And it sucks that what the group has been until now, it may no longer be going forward. Yet I can gracefully receive and co-invent what’s coming next, because I’ve experienced this group reinventing itself before, and I’ve experienced my life and work getting better as a result. The group also helped make it clear what it is that I actually need right now. The group also put into my lap many of the people and ideas and skills that I need right now as my own work evolves from a focus on small self-organizing groups into a focus on community.
This is what it feels like to live and work as self-organizing groups and community. The difficult parts of life can still be difficult in the moment. Yet the gratitude and joy received from these groups turns many difficulties into gifts. Thanks to Diane, I found myself experiencing a difficult situation as a gift in the moment, not weeks or months later. Thanks group, lesson learned.
Farewell, lovely and talented Diane. The group will miss your remarkable openness, your even more remarkable smile, and your even more remarkable cookies and cakes. 🙂 I can hardly wait to see what you do for our community next!
This is a touchy and passionate post. It reveals the hidden harm in self=organizing groups. Yes, members have 100% the right to leave, but do they have the right to cause us such pains because of their departure? It is the struggle between our dreams and self-aspirations Vs. the interest of the groups in which we are members. It is a delicate balance.
Diane didn’t comment on this post. I feel she is unable to hold the pen.
Ali, so interesting to hear your perspective, thank you! Imagine that Diane and I are close, like sisters. That we easily, naturaly, and openly share our fears as they come up without feeling concern that the other will be scared away or cannot handle it. With that context, does the post still sound touchy to your ear? Ah, well, maybe touchy is not so bad. 🙂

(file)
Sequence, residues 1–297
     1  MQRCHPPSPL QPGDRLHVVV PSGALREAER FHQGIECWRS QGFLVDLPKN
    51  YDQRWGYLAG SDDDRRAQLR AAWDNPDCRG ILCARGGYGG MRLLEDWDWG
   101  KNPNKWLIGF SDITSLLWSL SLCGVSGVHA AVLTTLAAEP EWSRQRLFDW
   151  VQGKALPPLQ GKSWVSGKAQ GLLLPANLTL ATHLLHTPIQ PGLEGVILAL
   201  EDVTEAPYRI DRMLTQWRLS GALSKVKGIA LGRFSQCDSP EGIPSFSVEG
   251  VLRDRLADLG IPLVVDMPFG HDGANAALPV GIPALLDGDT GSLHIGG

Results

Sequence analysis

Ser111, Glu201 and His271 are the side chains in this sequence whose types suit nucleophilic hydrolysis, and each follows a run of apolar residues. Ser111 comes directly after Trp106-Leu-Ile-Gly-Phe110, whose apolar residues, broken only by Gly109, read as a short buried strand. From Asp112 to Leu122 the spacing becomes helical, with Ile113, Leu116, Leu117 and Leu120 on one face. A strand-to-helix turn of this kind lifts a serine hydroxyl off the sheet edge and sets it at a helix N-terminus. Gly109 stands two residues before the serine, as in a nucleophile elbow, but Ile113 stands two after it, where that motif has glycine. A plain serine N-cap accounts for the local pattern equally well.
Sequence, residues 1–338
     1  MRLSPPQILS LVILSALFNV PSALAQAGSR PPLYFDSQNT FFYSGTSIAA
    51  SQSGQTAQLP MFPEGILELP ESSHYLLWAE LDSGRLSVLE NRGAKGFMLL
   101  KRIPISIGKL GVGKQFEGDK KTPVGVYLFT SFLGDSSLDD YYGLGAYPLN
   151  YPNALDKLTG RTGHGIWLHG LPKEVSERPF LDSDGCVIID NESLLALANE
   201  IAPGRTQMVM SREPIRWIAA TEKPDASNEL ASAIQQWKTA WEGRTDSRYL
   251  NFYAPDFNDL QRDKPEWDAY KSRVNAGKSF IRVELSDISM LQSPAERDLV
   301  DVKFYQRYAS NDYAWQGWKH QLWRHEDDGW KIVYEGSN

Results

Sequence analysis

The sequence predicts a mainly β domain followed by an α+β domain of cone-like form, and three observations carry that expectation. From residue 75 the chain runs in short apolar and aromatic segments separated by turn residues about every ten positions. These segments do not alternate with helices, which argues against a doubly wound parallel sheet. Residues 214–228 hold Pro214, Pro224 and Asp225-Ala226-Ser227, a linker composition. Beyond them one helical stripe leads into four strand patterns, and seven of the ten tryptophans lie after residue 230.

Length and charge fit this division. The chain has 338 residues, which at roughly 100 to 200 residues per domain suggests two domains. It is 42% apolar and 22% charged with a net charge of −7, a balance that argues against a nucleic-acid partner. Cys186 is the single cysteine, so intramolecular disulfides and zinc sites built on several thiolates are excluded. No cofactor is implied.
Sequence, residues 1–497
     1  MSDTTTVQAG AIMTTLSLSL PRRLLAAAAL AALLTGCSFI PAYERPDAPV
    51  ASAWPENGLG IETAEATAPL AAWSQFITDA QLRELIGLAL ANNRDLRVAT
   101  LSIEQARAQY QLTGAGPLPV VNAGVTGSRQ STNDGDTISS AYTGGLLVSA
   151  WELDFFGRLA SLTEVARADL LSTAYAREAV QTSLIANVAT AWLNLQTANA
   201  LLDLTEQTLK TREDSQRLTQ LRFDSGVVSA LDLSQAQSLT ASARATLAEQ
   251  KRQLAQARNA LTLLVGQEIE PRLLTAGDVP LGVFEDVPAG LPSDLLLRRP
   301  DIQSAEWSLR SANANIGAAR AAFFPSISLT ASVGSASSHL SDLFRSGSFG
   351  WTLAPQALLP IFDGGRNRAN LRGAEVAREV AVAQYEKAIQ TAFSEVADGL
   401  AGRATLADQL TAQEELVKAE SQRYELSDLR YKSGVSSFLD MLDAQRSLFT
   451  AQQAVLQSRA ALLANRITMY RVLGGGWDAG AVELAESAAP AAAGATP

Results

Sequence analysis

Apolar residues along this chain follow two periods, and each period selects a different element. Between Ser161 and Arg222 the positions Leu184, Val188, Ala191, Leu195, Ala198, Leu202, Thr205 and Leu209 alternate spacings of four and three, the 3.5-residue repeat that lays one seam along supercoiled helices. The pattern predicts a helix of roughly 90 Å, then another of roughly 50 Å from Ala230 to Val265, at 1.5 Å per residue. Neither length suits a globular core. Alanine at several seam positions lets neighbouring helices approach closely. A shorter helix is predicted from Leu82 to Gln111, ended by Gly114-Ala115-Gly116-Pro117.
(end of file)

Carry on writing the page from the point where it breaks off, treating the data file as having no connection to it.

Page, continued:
There was a time that I experienced this facet of self-organizing groups as a down side. For me that time has passed. I see this as a gift (almost in the moment, not quite). 😉 The momentary pain I experienced was caused by my individual self, not Diane. I experience our group as a teacher for me–teaching me to let go and feel joy in the very moments I feel sorrow. I no longer experience it as a delicate balance. Balance implies two sides. The time I experienced two sides was just a few minutes this time around–not much more than the time it took me to write the first half of the post. But not for one moment did I ever stop valuing Diane, the group, and our time together as this group. So I moved through those feelings quickly and on to valuing the whole experience. Valuing our connection to the wholeness of life. Thankful to the group and to Diane. Feeling whole and content. Experiencing no sides left to balance. 🙂
You’ll be happy to hear that Diane and I are still a group, albeit a different one now. We’re having dinner together this weekend (she’s cooking–yea!) so that our husbands (who we suspect will bond over their passion for photography) can finally meet. And just like that, a new group is born. 🙂
Diane commented via Facebook, where we typically talk online. “Honored” was the word she used. For good measure, I’ll tell her about your response on Sunday and double check that she’s ok with my frankness in this post.
Thank you, my friend. You’re always looking out for me!
You touch upon a great point, which is transient balance. You moved out of the me part to the wholeness part. That is great. But (again but), we might resonate or fluctuate rapidly between differing feelings and passions. The rapidity with which this happens can stress us. Bifurcations between two states is OK, but soon it may lead to many options that takes us to a state of chaos.
Your experiences enrich us because they are based on real experiences. Have you ever felt stressed moving between opposite states? You have the attitude to do that, but that may be stressing.
Salam to (that is greetings to) Diane. I look forward to reading her response. I am not a member of Facebook and shall never be because of a bad experience.
Have a great weekend, Lori
Lori, I forgot to mention that your writing touched me and made me feel the way I expressed in my first comment. This is an honest reflection of what I felt.